The World Federation of Exchanges Publishes a Research Working Paper on the impact of different investor types on liquidity and price formation
London, 30 September 2021 – The World Federation of Exchanges (“WFE”), the global industry group for CCPs and exchanges today published a Research Working Paper on the impact of different investor types on liquidity and price formation.
Using timestamped orders and trades data from the Stock Exchange of Thailand (SET), the WFE Research paper studies how different market participants - retail investors, domestic and foreign institutions - influence price formation for different liquidity levels. The paper finds that trading participants in the SET market contribute heterogeneously to price formation, and that liquidity affects the size, but not the relative importance, of their contribution to prices. In particular:
- Retail investors' trades are associated with the highest information content for both high- and low-liquidity stocks.
- Foreign investors appear to be the second most important contributors to price formation. Interestingly, the analysis shows that trades between foreign and retail traders are the ones that convey most information, hinting that the interaction between two informed categories is beneficial for price formation.
- Finally, domestic institutions contribute less to price formation, consistent with them being largely buy-and-hold participants.
Nandini Sukumar, Chief Executive Officer of the WFE, said: “It’s critical to understand how different investor types, especially retail, engage with and contribute to liquidity and price formation in markets today. The WFE is committed to researching and studying the functioning of markets as part of our mandate to contribute to the sum total of knowledge about the vital role that public markets play in the real economy.’’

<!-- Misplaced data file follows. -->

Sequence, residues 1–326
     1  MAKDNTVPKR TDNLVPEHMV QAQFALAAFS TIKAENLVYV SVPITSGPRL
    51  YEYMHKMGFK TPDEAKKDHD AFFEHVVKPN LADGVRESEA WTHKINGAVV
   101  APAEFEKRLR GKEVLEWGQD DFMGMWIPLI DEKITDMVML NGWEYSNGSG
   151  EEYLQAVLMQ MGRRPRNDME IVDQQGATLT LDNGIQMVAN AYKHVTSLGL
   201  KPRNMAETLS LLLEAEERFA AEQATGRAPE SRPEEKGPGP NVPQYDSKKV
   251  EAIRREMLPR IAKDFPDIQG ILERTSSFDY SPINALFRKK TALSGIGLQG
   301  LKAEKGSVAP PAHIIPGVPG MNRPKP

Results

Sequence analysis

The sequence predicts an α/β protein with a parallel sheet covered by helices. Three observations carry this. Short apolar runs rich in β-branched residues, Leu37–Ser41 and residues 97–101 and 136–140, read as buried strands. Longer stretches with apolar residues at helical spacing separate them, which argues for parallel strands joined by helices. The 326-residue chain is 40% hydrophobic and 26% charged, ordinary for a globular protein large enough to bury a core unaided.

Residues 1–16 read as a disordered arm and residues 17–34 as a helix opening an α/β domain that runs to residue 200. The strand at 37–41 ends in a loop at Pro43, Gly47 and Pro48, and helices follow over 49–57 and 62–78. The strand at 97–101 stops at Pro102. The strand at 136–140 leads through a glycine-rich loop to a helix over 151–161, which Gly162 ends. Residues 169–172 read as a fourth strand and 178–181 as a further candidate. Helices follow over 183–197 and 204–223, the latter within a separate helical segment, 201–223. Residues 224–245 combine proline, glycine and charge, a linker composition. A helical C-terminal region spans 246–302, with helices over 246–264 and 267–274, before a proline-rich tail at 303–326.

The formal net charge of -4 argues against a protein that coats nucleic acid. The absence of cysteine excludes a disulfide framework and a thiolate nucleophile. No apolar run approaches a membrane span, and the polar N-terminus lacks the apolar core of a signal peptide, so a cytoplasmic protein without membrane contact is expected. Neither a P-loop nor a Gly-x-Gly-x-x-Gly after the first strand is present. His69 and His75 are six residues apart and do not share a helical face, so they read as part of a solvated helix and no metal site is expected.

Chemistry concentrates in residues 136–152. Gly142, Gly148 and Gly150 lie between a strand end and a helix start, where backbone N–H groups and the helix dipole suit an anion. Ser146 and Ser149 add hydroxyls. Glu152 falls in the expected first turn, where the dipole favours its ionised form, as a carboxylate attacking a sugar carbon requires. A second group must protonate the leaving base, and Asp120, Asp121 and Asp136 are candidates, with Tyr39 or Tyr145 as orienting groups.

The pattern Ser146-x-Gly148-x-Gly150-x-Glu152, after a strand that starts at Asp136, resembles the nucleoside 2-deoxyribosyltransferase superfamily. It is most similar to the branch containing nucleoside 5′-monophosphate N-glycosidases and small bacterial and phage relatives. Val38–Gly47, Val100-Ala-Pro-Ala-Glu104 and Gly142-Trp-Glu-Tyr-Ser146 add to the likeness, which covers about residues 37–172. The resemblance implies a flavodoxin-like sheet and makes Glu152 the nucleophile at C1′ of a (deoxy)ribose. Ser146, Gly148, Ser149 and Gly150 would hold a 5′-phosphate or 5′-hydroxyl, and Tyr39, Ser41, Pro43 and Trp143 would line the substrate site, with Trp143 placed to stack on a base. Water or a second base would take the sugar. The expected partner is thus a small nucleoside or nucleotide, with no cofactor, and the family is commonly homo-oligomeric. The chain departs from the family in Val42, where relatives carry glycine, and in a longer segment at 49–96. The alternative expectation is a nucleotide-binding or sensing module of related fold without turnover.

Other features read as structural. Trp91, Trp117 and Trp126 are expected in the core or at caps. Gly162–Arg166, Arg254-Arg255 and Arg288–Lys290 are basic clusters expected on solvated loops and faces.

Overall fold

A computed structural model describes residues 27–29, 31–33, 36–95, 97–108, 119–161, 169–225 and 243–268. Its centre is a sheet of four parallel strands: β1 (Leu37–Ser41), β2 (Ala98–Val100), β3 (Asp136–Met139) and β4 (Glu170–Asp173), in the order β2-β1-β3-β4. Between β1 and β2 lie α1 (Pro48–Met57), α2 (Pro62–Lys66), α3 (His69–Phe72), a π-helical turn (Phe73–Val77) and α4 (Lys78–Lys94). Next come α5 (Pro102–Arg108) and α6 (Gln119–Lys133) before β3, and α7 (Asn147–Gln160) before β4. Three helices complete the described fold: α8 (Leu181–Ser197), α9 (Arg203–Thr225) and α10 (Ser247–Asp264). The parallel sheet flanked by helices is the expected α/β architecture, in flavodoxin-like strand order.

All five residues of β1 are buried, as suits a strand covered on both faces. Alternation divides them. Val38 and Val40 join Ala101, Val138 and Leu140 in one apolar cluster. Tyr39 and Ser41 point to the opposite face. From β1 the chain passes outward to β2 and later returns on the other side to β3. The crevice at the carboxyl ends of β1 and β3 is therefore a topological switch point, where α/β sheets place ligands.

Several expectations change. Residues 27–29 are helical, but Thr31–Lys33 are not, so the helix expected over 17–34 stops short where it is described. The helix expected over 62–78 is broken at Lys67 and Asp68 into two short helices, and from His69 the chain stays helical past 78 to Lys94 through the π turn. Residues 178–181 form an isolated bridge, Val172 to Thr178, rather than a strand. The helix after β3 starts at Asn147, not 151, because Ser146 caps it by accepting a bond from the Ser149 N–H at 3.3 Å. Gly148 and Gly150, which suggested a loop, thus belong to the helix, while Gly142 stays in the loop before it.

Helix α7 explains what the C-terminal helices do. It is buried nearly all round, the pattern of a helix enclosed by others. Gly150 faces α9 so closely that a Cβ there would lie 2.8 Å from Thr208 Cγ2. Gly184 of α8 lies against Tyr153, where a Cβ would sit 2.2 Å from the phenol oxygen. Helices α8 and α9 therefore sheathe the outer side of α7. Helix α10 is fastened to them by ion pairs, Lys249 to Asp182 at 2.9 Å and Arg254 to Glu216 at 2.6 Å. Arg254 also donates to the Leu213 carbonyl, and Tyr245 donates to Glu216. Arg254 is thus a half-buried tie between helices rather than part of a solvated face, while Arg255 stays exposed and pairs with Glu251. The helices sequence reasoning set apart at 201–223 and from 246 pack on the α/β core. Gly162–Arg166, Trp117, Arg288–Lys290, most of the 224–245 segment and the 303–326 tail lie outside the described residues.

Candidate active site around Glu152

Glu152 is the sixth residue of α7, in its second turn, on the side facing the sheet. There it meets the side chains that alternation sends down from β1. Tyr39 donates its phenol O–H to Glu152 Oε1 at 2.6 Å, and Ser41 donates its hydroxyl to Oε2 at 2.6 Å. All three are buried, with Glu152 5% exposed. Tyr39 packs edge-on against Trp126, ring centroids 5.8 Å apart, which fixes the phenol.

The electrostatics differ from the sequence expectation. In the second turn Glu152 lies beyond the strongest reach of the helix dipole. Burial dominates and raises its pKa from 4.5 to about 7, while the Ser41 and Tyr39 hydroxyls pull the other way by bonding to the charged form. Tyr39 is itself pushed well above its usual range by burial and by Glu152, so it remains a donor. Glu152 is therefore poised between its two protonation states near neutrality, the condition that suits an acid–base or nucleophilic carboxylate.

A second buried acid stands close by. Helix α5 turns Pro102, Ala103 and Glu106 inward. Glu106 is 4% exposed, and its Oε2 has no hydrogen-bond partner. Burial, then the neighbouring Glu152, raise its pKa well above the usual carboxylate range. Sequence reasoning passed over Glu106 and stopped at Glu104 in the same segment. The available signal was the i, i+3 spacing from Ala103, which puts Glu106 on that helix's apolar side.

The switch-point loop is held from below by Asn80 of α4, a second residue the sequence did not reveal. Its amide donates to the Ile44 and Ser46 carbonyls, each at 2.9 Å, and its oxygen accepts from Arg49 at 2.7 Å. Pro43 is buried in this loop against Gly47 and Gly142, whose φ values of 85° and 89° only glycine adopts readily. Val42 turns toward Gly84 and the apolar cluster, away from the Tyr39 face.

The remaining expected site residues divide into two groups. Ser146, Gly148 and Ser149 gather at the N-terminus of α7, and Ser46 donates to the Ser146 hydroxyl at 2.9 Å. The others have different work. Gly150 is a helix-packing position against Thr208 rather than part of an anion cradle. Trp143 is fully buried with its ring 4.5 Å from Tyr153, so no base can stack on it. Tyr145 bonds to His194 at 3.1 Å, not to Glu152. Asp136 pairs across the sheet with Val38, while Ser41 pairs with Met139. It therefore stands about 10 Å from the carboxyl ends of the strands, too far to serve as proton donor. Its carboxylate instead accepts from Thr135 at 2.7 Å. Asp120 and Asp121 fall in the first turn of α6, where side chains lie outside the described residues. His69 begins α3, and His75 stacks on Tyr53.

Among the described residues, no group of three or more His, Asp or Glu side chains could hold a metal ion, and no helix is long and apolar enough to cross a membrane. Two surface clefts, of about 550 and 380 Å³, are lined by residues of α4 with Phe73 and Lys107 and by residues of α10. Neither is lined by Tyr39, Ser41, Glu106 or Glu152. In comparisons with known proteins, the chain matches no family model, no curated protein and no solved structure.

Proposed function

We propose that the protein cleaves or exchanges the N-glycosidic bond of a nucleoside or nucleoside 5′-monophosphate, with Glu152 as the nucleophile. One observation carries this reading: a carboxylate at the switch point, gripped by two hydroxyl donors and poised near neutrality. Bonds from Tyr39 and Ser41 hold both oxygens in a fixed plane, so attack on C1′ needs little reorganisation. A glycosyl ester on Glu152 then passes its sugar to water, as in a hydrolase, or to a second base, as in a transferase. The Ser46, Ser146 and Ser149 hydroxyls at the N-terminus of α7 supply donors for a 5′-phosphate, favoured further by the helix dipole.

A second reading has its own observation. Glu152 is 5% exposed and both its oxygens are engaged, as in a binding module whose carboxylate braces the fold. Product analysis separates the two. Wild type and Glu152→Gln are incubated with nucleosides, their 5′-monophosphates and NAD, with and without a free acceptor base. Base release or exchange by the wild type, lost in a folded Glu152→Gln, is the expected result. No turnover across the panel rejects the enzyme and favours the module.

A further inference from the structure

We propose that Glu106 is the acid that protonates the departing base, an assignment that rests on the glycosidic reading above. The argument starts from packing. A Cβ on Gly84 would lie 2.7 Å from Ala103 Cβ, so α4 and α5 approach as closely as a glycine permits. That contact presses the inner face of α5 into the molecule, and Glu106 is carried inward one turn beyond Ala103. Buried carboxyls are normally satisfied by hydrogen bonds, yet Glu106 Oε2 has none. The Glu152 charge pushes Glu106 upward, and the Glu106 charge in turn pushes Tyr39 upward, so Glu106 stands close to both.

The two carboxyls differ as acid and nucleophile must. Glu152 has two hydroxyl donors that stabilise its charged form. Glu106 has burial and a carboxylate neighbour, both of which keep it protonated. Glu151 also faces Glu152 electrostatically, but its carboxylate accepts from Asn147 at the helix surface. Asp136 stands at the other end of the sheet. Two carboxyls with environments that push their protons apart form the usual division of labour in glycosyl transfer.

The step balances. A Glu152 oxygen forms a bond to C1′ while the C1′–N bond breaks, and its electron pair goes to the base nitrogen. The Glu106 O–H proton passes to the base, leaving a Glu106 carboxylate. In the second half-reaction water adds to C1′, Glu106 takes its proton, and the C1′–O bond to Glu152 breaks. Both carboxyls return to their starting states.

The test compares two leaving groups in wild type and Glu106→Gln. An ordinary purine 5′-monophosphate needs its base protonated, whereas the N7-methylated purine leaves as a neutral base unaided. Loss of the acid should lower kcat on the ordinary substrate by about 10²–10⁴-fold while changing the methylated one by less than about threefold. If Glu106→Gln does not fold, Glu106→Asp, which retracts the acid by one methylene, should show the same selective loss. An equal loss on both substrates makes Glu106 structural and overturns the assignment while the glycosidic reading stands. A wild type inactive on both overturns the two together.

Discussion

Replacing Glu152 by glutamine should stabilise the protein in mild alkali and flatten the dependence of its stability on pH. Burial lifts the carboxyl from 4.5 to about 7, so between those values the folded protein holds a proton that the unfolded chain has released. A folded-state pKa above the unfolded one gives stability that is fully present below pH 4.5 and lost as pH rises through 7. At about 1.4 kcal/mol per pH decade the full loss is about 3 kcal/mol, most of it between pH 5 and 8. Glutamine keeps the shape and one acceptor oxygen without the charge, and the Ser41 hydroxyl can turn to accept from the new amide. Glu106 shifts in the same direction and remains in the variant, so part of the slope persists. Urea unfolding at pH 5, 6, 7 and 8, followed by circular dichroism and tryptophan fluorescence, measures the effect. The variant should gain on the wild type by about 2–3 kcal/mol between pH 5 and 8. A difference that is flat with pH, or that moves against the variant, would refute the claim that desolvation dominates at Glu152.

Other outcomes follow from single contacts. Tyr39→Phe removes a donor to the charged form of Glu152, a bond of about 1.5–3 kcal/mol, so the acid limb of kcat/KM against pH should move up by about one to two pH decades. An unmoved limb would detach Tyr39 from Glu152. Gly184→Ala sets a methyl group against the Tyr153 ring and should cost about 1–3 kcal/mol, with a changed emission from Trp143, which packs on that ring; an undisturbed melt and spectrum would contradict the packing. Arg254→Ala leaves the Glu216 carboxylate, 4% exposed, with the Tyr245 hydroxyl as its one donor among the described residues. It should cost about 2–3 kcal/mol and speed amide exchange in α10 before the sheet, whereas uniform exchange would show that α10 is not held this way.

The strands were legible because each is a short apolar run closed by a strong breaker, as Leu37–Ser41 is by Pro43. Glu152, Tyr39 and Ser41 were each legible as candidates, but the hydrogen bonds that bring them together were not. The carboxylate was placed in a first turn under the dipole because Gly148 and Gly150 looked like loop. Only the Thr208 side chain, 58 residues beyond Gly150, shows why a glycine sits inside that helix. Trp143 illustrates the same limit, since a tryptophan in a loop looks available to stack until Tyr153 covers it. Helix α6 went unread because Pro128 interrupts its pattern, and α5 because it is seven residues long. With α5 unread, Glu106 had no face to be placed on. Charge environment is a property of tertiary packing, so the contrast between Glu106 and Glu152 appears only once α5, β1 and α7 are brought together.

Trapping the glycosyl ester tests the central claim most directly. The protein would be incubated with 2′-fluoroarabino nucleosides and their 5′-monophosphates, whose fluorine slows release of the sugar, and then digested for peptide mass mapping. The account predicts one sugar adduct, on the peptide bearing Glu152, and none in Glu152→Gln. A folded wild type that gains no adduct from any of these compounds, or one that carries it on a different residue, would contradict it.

Pedro Gurrola-Perez, Head of Research at the WFE and one of the authors of the paper said: “Understanding the role that different types of participants play in the price formation process provides useful information as exchanges seek to continuously improve the liquidity of public markets. While different markets will vary in their individual characteristics, this research is a contribution to such understanding and highlights the importance of attracting a healthy mix of participants to the markets”
Please click here to read the paper in full.
About the World Federation of Exchanges (WFE):
Established in 1961, the WFE is the global industry association for exchanges and clearing houses. Headquartered in London, it represents over 250 market infrastructure providers, including standalone CCPs that are not part of exchange groups. Of our members, 35% are in Asia-Pacific, 45% in EMEA and 20% in the Americas. WFE’s 57 member CCPs collectively ensure that risk takers post some $1 trillion (equivalent) of resources to back their positions, in the form of initial margin and default fund requirements. WFE exchanges are home to 47,919 listed companies, and the market capitalisation of these entities is over $109 trillion; around $137 trillion (EOB) in trading annually passes through WFE members (at end 2020).
The WFE is the definitive source for exchange-traded statistics, and publishes over 350 market data indicators. Its free statistics database stretches back more than 40 years, and provides information and insight into developments on global exchanges. The WFE works with standard-setters, policy makers, regulators and government organisations around the world to support and promote the development of fair, transparent, stable and efficient markets. The WFE shares regulatory authorities’ goals of ensuring the safety and soundness of the global financial system.
With extensive experience of developing and enforcing high standards of conduct, the WFE and its members support an orderly, secure, fair and transparent environment for investors; for companies that raise capital; and for all who deal with financial risk. We seek outcomes that maximise the common good, consumer confidence and economic growth. And we engage with policy makers and regulators in an open, collaborative way, reflecting the central, public role that exchanges and CCPs play in a globally integrated financial system.